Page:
Monday, 27 September 2021

Lupine Publishers| Effect of Laser Welding Parameters on Porosity of Welds in Cast Magnesium Alloy AM50

 Lupine Publishers| Journal of Material Science


Pores in the weld metal lower the mechanical properties of the weld. It is therefore important to understand the pore formation mechanisms and find procedures that could reduce porosity. This study focused on laser welding of 3 mm thick magnesium alloy AM50, investigating how different parameters affect porosity formation. Low levels of porosity content were achieved by either increasing the welding speed or using a two-pass welding approach. It was found that higher welding speeds did not allow pores, which were pre-existing from the die-casting process, to have sufficient time to coalesce and expand. In the two-pass welding technique, pores were removed as a result of a degassing process which occurred through the second pass.

Keywords: Laser welding; Magnesium, Cast; Metallurgy; Porosity; Automotive; AM50


Magnesium alloys are light-weight metals suitable for applications in several industries, such as automotive and aerospace. Compared with most materials they provide a possibility to reduce weight due to their high specific strength. However, their tensile strength is low (190-310MPa) compared with steels, which may limit their application; for example, to car interior parts such as seat frames, steering wheels or structural dashboard cross beams [1-4]. A common magnesium alloy is AM50 (4.4-5.5 wt% Al, 0.26-0.6 wt% Mn) which, compared with other magnesium alloys, is of relatively high strength, high hardness, high elongation and has excellent castability. Often magnesium alloys are cast into complex shapes using high pressure die-casting [5-8]. An alternative is to cast less complicated parts and join them by welding, commonly by tungsten inert gas (TIG) or metal inert gas (MIG) welding [2]. An alternative is laser welding, where high power densities are attained with small welding spots, allowing relatively high welding speed and low heat inputs to be achieved. Low heat input is an advantage for many metallic materials as a narrow fusion zone and HAZ will form, reducing negative effects on material properties [2]. Laser welding of magnesium alloys was reviewed by [9], who stated that crack-free laser welds with low porosity and good surface quality could be obtained when using appropriate welding parameters. Nevertheless, magnesium alloys may exhibit many processing problems and weld discontinuities, such as an unstable weld pool, spatter, drop-through, sagging, undercut, porosity, cracking, and oxide inclusions. Pores in the weld metal lower especially the tensile strength and may have a deleterious effect on fatigue performance if surface breaking. Therefore, it is important to understand the pore formation mechanisms and find procedures that could be used to reduce pore formation [2,10]. Porosity in welded magnesium alloys has been the subject of a number of previous investigations [2,10-15]. In these studies, a range of different factors have been found to cause pore formation including: hydrogen, an unstable keyhole, pre-existing pores from the die-cast process, surface condition, gas entrapment, and alloying elements with a low vaporization temperature. In studies by [15] and [11] porosity in laser welded AM60B (Mg-alloy with 5.5-6.5 wt.% Al and 0.24-0.6 wt.% Mn) was investigated. Pre-existing pores in the base metal coalesced and expanded in the weld metal during welding resulting in large diameter pores [16] presented three solutions to avoid porosity; specifically, removing the oxide layer with a separate plasma arc before welding, use of dual laser beam welding or using a two-pass laser welding procedure. The best results were obtained using a two-pass welding, with a pre-heating configuration for the first laser pass. However, a systematic study of how different parameters affect the amount of porosity in laser welded AM50 has not been previously performed. This study was therefore initiated to investigate how different parameters affect porosity formation in laser welded AM50, with the overall aim to ensure that high quality welds can be produced reliably and reproducibly. Investigations were undertaken on 3mm thickness AM50, since this is of common interest to many potential applications.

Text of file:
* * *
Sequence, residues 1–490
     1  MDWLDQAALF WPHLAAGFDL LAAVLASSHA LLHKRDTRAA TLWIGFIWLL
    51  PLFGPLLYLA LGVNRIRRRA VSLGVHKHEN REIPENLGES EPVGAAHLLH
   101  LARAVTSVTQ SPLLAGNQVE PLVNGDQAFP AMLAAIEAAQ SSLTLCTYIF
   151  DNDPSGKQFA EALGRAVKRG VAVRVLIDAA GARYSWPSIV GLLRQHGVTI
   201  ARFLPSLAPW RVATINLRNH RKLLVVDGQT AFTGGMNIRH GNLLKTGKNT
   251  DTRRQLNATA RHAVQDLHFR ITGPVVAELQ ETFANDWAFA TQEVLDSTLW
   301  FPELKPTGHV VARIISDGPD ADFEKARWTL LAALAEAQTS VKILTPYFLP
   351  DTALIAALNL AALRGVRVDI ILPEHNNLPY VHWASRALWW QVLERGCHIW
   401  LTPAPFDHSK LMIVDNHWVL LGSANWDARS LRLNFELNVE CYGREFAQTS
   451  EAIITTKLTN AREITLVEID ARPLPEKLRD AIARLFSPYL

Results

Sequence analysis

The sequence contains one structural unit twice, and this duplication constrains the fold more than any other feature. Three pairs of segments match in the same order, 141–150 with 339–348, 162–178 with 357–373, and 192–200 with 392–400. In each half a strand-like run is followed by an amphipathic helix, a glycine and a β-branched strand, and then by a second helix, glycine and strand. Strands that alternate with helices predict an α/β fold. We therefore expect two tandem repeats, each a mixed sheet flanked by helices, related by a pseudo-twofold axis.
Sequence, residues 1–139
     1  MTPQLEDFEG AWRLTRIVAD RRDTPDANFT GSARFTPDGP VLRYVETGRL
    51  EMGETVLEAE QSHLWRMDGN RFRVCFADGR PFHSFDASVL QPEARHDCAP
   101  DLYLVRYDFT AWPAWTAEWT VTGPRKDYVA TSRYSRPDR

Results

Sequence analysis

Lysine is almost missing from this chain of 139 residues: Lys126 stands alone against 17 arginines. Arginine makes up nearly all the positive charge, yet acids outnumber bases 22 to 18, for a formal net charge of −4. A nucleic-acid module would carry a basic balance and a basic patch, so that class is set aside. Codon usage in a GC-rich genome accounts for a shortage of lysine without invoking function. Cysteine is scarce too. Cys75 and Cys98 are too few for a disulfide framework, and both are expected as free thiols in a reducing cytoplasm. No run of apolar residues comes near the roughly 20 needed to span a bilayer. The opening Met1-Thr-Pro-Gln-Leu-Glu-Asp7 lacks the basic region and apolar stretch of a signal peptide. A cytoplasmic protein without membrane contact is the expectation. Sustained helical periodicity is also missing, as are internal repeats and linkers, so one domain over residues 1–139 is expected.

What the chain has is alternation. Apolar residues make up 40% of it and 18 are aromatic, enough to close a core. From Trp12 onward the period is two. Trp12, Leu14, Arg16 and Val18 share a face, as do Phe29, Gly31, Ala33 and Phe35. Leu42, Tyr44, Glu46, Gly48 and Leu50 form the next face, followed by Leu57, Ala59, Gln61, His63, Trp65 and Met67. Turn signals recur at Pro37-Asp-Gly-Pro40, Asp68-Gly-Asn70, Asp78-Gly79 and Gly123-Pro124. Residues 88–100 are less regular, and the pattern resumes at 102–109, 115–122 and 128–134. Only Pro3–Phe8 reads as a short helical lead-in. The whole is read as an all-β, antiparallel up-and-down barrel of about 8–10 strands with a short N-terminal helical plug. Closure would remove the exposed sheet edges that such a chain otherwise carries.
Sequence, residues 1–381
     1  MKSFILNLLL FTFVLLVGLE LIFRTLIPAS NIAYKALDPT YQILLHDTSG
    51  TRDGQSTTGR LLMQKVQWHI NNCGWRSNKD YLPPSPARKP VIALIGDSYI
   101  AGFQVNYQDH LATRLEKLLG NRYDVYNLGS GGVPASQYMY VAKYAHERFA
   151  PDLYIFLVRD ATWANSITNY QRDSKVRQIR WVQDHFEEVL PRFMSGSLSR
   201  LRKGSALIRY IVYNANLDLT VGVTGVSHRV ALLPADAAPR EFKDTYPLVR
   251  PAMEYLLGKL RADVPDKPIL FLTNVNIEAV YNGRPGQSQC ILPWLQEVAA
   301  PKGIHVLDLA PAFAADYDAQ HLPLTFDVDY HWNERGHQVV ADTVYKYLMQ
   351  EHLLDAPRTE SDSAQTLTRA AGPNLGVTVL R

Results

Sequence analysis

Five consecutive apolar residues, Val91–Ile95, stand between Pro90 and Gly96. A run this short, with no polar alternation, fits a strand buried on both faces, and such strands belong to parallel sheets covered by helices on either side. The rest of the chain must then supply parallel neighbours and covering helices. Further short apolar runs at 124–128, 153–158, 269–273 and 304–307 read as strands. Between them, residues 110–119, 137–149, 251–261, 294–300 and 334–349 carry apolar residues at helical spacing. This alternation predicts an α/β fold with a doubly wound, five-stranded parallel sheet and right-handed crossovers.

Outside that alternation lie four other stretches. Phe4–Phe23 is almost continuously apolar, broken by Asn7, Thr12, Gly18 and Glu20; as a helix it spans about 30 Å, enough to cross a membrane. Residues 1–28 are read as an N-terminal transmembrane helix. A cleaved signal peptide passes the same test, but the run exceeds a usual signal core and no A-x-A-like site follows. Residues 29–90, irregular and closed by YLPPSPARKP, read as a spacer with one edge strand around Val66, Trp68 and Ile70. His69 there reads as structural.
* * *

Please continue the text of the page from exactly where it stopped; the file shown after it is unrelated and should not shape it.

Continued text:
Die-cast magnesium alloy AM50 sheets of dimensions 3(T) x100(L)x170(W) mm were welded. The composition according to ISO 16220(00) and the composition measured with glow-discharge optical emission spectroscopy are presented in Table 1.

Table 1: Composition of AM50 magnesium in wt.%. ISO 16220(00) and measured values are shown.



Figure 1: Schematic image of the laser welding setup. A trailing gas shielding was used on the top side with a ‘panpipe’ design, and root gas was applied through a 10mm wide efflux channel in the fixture along the weld line.